If you're looking at your monthly budget trying to find places to save money, you may want to consider these wallet-friendly moves, because breaking up with your cable TV company, your insurer, and your wireless carrier could all contribute hundreds of extra dollars in savings to your personal bottom line.
No. 1: Cutting the Cord
I recently joined the ever-growing number of former cable TV subscribers, and I'm disappointed that I didn't cut the cord sooner. Why? Because I'm saving a ton of money, and I'm discovering that I don't miss watching real-time content. I've even discovered some new favorite shows that I'd previously never considered watching.
My path to cutting the cord is likely similar to the path taken by many fellow cord cutters. In the past, I had negotiated with my cable operator for a lower bundled price; however, after my cable bill steadily increased to nearly $200 per month, I'd decided I'd had enough.
This time, rather than engage in a pricing back and forth with my cable company, I took the leap and ditched cable TV altogether. Instead, I bumped up my Internet package to 105 Mbps, installed Netflix and Hulu on my wife's and children's tablets, and called it a day.
Sure, I no longer get prime-time comedy in real time, and I have to be more careful when scrolling through my Facebook feed, but most of my shows are available not long after they run -- I'm OK with that. The only thing I don't like about cutting the cord is that I'm taking a big risk when it comes to sports, specifically, New England Patriots football.
I attempted to install an over-the-air HD antenna so that I could get local sports coverage; however, in rural New Hampshire, the only station I was able to pull in was public television. That's fine for my Downton Abbey fix, but it's not going to keep me up to date on how well Tom Brady's back-up is performing against Miami.
Overall, I saved nearly $100 per month canceling cable TV, even after including the upgraded Internet service; so at this point, I suppose I'll use some of those savings to buy gas to visit my friends on Sundays this season. I just hope they haven't cut the cord with cable, too.
No. 2: It's true... 15 minutes can save you money
Geico's "15 minutes can save you money" slogan can lower your car insurance payment, even if you're spending that 15 minutes calling a Geico competitor. Because the auto insurance market is incredibly competitive, and carriers are continuously elbowing each other to win market share, you could be spending more on car insurance than you need to, especially, if you haven't renegotiated your car-insurance coverage in the past three years,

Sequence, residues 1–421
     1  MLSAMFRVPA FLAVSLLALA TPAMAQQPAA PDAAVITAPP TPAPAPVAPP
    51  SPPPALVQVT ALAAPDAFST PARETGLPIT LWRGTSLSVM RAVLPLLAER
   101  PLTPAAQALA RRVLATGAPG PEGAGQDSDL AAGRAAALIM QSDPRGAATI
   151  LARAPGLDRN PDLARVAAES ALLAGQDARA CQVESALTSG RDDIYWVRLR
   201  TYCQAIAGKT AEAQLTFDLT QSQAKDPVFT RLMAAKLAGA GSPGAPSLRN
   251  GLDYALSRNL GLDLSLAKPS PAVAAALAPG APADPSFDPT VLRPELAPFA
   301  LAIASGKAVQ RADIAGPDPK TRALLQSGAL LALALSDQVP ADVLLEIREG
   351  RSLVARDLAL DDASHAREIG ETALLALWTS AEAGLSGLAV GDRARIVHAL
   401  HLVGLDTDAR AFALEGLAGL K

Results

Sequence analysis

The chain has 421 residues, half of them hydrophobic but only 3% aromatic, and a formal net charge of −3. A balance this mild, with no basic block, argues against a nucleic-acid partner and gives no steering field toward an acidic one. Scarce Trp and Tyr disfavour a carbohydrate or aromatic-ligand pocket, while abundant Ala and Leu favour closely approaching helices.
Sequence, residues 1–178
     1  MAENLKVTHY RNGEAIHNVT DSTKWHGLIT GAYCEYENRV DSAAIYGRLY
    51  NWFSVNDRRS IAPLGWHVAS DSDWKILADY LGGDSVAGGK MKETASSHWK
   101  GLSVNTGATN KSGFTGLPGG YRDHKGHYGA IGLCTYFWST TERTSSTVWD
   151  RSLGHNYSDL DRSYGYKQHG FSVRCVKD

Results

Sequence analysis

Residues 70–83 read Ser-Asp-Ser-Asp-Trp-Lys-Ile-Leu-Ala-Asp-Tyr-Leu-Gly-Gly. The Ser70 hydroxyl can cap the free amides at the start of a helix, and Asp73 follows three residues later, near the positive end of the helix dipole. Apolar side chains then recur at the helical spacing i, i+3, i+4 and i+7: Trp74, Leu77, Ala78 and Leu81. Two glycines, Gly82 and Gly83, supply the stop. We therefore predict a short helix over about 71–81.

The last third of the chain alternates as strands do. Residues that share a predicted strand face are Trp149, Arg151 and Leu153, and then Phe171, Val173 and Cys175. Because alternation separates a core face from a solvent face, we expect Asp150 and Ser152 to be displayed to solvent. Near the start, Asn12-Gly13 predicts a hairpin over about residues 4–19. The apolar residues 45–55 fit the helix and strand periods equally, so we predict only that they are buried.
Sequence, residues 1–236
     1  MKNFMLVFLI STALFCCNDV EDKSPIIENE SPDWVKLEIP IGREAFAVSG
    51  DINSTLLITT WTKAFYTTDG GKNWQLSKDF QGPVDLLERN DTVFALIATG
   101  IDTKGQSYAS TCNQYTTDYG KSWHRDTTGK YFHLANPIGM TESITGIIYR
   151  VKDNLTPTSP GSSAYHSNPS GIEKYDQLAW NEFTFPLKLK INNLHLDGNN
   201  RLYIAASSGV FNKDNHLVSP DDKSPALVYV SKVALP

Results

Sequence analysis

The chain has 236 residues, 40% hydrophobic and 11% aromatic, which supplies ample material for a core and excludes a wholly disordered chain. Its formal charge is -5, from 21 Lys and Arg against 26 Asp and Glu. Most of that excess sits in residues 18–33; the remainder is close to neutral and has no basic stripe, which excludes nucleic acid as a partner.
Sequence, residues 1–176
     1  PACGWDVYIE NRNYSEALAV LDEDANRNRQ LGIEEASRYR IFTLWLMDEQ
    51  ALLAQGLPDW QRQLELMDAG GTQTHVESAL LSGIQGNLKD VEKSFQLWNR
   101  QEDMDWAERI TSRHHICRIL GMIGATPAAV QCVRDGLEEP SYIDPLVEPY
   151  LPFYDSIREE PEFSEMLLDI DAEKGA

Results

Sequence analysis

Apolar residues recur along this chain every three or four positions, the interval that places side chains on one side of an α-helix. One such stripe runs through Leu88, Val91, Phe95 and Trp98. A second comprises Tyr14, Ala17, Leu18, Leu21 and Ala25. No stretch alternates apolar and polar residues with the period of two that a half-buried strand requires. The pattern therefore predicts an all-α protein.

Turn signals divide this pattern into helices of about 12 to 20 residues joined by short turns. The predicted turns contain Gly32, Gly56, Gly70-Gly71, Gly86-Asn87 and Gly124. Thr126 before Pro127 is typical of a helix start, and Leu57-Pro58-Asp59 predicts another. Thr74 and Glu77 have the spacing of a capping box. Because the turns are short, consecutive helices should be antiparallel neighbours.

Although car insurance costs vary widely based on driving record, age, and where you live, studies peg the average annual cost of car insurance at $900 per year. If you're paying more than this amount, then calling around and shopping prices may save you hundreds of dollars per year. Those savings could be even greater if you bundle your homeowner's insurance with your car insurance plan. Companies like Liberty Mutual and State Farm, for example, offer their customers multi-plan discounts.
No. 3. Rethinking your mobile contract
Last winter, financial services firm Cowen & Company reported that the average customer of one of the big four cellular phone companies pays more than $90 monthly. Traditional monthly plans that lock customers into multi-year contracts may get you a nifty new phone every couple of years, but they're not your best option if you're trying to cut costs.
Instead, budget-minded consumers can consider shopping online for a used smartphone, buying an inexpensive new phone instead of the latest wizardry, or purchasing the latest and greatest device with cash up front, or via an installment plan, and then activating it with a carrier. There are a number of reputable places that sell pre-owned devices, including Verizon, which sells pre-certified, pre-owned tablets and phones online.
After acquiring your device, you may be able to save more money by shopping around for a voice, text, and data plan that makes sense for you and your family. If you don't rely on YouTube videos for content when you're out of range from your Wi-Fi, you'll probably be OK with between one and two gigabytes per month.
Unsure how much data you're using? Consult your previous bills, so that you pay for only what you need.